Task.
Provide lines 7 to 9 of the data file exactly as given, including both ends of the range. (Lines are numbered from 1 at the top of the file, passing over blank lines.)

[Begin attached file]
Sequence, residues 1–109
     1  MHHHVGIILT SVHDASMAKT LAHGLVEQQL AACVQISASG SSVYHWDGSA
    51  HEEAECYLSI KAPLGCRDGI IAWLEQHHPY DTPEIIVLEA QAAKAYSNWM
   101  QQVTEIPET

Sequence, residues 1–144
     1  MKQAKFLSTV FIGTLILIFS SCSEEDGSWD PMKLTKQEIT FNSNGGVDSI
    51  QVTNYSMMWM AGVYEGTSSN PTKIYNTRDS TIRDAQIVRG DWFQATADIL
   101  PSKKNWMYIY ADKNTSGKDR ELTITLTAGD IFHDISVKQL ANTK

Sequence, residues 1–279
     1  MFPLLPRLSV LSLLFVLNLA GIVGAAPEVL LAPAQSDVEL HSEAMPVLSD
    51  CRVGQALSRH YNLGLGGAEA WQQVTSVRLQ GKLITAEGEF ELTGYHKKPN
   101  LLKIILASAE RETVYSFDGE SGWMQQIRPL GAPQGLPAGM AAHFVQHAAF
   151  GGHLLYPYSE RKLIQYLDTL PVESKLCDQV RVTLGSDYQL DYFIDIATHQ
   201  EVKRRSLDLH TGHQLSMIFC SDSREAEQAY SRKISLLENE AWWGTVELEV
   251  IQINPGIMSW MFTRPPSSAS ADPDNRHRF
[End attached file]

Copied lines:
    51  QVTNYSMMWM AGVYEGTSSN PTKIYNTRDS TIRDAQIVRG DWFQATADIL
   101  PSKKNWMYIY ADKNTSGKDR ELTITLTAGD IFHDISVKQL ANTK

Sequence, residues 1–279